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"Cur non ut plenus vita; conviva recedis?" "If you have not known how to make the best use of it, if it was unprofitable to you, what need you care to lose it, to what end would you desire longer to keep it? "'Cur amplius addere quaeris, Rursum quod pereat male, et ingratum occidat omne?

He then turns his thoughts on every side, in quest of something that may solace or amuse him: he proposes happiness to himself, first in one scene and then in another: and at last finds that nothing will satisfy: Jam neque Hamodryades rursum, nec carmina nobis Ipsa placent: ipsoe rursum concedite sylvae.

Ex tunc igitur videns Soltanus, quod post tanta quae acciderant exercitibus nostris, imperium nostrum, sicut oportunum erat, rem huiusmodi dispensauit, vt ipsum rursum inuaderet: mittens supplicauit imperio nostro, et deprecatorijs vsus est sermonibus, et requisiuit pacem illius, promittens omnem imperij nostri adimplere voluntatem, et seruitium suum contra omnem hominem dare, et omnes qui in regno suo tenebantur captiuos absoluere, et esse ex toto voluntatis nostrae.

'In amore haec omnia insunt vitia: injuriae, Suspiciones, inimicitiae, induciae, Bellum, pax rursum ... Ter. Eun. Upon looking over the Letters of my female Correspondents, I find several from Women complaining of jealous Husbands, and at the same time protesting their own Innocence; and desiring my Advice on this Occasion.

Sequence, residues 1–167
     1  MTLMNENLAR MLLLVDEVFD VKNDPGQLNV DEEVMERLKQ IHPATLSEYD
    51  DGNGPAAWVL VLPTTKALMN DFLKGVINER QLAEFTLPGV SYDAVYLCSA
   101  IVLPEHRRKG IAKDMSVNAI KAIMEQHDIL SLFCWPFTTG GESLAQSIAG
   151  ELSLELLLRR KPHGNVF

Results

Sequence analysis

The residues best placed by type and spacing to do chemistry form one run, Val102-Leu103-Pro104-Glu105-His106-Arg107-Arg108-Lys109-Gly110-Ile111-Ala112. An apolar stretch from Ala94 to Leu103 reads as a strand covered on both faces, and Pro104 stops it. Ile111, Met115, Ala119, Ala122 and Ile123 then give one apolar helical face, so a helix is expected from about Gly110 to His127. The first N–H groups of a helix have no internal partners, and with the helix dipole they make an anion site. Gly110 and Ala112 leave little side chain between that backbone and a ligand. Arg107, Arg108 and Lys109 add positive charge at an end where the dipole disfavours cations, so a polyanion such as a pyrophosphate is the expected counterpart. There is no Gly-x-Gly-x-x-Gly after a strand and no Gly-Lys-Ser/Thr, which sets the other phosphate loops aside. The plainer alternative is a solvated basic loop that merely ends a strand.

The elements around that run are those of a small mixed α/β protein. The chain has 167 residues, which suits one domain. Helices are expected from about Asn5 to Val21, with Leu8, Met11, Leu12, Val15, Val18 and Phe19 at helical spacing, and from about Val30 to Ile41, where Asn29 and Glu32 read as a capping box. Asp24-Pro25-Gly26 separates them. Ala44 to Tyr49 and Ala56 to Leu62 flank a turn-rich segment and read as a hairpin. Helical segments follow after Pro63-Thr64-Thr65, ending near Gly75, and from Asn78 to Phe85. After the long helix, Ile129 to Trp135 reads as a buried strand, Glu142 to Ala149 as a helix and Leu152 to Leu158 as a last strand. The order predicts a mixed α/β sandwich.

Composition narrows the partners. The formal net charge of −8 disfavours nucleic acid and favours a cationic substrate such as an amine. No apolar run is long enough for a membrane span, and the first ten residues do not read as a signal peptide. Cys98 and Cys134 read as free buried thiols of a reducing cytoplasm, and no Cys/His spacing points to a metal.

No. 131. Ipsae rursum concedite sylvae. VIRG. Ecl. x. ver. 63. Once more, ye woods, adieu. It is usual for a man who loves country-sports to preserve the game on his own grounds, and divert himself upon those that belong to his neighbour.

Tuesday, July 31, 1711. Addison. ... Ipsae rursum concedite Sylvae. Virg. It is usual for a Man who loves Country Sports to preserve the Game in his own Grounds, and divert himself upon those that belong to his Neighbour. For these Reasons the Country Gentleman, like the Fox, seldom preys near his own Home.

Thus writes Suetonius "prægrandibus oculis, qui, quod mirum esset, noctu etiam et in tenebris, viderent, sed ad breve, et quum primum a somno patuissent; deinde rursum hebescebant." Tib. cap. lxviii. Those who are familiar with the classic historians, will see in this description no exaggeration whatever.

For, first, the paschal supper was ended, ver. 2, after which Christ washed his disciples’ feet. And thereafter we read, ver. 12, resumptis vestibus rursum ad caenam ordinariam consedisse.

If the first opinion be followed, then it will be most easily answered to Paybody, that inter coenandum instituta fuit eucharistia, cum jam rursum mensoe accubuissent. Sed post coenam paschalem, et usum agni legalis.

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